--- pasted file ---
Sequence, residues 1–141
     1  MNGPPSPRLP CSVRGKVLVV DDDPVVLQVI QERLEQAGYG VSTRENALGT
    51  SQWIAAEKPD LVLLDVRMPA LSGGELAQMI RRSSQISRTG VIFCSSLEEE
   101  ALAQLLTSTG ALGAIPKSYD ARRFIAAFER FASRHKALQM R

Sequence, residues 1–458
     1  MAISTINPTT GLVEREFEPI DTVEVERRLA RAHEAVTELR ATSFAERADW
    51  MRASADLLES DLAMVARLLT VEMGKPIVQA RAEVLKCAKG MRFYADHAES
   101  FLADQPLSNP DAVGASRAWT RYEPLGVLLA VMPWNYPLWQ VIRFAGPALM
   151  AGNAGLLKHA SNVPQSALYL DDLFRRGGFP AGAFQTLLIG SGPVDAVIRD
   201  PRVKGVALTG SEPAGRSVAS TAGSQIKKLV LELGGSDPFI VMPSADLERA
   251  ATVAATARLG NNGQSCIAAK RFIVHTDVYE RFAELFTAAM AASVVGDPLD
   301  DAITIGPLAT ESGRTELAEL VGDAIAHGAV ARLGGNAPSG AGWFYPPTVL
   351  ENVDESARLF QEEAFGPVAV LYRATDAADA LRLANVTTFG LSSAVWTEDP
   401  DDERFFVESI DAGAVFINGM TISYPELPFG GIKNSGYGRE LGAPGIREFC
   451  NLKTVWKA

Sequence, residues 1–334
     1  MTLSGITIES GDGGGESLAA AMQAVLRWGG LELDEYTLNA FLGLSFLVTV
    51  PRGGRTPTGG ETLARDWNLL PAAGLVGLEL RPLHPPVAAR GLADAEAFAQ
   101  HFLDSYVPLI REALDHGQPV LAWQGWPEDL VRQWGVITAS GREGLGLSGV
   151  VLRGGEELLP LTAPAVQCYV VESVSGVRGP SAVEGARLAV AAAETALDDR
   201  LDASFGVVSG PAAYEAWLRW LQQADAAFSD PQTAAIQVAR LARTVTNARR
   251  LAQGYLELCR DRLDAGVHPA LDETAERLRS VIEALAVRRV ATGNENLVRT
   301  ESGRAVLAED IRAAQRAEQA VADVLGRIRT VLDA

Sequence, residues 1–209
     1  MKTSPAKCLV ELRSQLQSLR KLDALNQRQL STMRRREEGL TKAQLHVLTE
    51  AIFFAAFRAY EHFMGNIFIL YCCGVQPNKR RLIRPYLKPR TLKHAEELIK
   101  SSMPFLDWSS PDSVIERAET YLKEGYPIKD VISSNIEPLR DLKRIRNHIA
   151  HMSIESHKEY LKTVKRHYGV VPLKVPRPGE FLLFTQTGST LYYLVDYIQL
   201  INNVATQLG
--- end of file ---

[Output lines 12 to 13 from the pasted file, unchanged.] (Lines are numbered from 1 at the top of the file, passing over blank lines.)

   301  DAITIGPLAT ESGRTELAEL VGDAIAHGAV ARLGGNAPSG AGWFYPPTVL
   351  ENVDESARLF QEEAFGPVAV LYRATDAADA LRLANVTTFG LSSAVWTEDP